Advertisement

Incredible phenomenon lights up 1500km stretch of Aussie coastline

The meteor, travelling as fast as 150,000km/h was spotted from Mackay up to Weipa and inland to Mt Isa.

Thousands of residents living more than 1500km apart have all witnessed the same incredible sight – a huge meteor crashing in Queensland in a spectacular light display.

Sightings came from Mackay, up to Weipa and as far inland as Mt Isa as the sky flashed green, then orange on Saturday night at around 9.20pm.

One resident in the rural town of Normanton captured the moment the display interrupted an event at the local oval.

A meteor lights up the sky over Cairns Airport.
The meteor was spotted over the airport in Cairns. Source: Facebook/Cairns Airport
Three frames from a video show the moment the sky turns green, white then orange over Normanton.
Sharelle Bee captured the moment the sky turned from green to orange with the huge flash. Source: Facebook/Sharelle Bee

Sharelle Bee posted a video to Facebook, where it quickly gained 1500 shares.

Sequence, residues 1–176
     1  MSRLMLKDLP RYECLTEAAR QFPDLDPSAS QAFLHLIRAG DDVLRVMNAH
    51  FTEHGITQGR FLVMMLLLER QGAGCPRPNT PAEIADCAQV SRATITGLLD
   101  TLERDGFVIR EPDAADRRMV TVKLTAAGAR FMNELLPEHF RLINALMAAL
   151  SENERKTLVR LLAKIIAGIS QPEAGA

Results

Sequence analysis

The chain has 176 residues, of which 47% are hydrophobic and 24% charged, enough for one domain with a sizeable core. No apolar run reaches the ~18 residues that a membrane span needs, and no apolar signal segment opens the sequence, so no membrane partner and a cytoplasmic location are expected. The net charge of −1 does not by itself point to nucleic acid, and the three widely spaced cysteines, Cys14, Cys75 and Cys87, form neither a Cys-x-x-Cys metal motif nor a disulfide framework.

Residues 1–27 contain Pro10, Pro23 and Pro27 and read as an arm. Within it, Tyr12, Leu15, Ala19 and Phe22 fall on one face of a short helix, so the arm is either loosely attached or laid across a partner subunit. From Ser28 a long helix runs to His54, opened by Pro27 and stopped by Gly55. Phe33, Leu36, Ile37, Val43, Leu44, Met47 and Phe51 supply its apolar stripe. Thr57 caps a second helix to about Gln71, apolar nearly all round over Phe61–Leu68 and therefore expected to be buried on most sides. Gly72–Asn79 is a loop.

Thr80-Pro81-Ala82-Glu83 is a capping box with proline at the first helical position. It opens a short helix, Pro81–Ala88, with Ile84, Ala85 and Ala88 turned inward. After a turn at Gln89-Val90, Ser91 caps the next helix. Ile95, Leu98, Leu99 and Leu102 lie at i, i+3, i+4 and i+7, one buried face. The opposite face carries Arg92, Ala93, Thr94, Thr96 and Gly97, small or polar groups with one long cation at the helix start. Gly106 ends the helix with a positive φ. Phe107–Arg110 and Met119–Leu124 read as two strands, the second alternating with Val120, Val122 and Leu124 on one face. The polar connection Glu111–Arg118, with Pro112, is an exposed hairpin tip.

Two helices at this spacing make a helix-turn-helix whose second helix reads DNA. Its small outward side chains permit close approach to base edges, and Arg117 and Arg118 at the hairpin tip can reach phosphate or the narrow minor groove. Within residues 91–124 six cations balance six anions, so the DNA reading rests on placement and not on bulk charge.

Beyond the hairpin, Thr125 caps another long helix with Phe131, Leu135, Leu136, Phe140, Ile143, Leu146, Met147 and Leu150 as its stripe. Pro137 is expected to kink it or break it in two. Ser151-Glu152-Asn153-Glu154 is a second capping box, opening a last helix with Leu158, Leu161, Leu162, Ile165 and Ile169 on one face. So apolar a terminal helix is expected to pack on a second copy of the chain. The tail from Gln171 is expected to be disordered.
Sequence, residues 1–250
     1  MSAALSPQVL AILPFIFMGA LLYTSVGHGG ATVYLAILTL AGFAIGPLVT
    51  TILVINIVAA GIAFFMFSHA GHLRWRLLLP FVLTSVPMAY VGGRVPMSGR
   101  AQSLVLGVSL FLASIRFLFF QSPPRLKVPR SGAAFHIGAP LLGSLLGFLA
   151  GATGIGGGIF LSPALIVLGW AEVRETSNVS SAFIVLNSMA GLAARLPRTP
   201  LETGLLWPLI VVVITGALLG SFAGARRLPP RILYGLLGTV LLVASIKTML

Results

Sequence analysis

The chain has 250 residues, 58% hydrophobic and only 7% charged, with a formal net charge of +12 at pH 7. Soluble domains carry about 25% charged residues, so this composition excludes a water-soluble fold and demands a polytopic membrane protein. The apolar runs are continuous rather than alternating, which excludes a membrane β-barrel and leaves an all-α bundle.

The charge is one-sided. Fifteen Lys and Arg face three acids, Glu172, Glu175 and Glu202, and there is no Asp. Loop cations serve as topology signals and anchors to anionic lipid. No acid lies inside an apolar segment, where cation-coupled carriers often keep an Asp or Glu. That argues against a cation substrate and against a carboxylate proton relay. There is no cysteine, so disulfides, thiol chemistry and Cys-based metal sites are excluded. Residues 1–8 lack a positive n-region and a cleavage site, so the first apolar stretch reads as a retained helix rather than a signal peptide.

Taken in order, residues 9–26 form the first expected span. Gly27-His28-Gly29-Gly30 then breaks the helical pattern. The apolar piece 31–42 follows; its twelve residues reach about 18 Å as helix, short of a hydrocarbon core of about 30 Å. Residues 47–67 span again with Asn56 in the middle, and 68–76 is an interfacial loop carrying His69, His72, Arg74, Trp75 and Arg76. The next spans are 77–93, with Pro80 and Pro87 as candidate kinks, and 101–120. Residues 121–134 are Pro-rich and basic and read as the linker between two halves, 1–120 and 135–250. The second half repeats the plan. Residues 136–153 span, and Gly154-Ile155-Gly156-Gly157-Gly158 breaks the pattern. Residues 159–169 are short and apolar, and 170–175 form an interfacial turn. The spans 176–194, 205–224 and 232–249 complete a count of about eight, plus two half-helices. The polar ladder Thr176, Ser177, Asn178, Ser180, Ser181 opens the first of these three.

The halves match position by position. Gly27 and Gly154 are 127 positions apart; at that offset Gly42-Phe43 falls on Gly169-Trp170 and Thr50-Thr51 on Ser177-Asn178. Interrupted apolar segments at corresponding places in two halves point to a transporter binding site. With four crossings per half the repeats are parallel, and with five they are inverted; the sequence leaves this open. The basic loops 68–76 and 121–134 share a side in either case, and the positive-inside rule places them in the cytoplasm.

“It was so bright and it ended in an explosion,” she wrote. “My heart skipped a beat and started racing.”

Cairns Airport shared vision of the moment the flash of light arcs over the nearby mountain ranges. Others thought they had seen lightning or “aliens” – describing the scenes as “crazy” and “so scary”.

“We felt the explosion here in Croydon and big loud bang,” resident Kia Peterson wrote on Facebook.

Another Croydon local said they heard the “biggest bang” and said it was “scary”.

The bang could be attributed to the meteor ‘exploding’ nearby, astronomer Ian Maclean told The Cairns Post.

“Clearly it’s exploded in the upper atmosphere somewhere in the Gulf region, west of Cairns and was felt and heard in Croydon,” Mr Maclean said.

He added the meteor’s light, at its peak, was as bright as the sun.

Australian National University’s Dr Brad Tucker told the ABC the meteor was likely 50cm to 100cm long, and would have been travelling at speeds of up to 150,000 km/h.

Yahoo News has contacted CSIRO for more information.

Do you have a story tip? Email: newsroomau@yahoonews.com.

You can also follow us on Facebook, Instagram, TikTok and Twitter and download the Yahoo News app from the App Store or Google Play.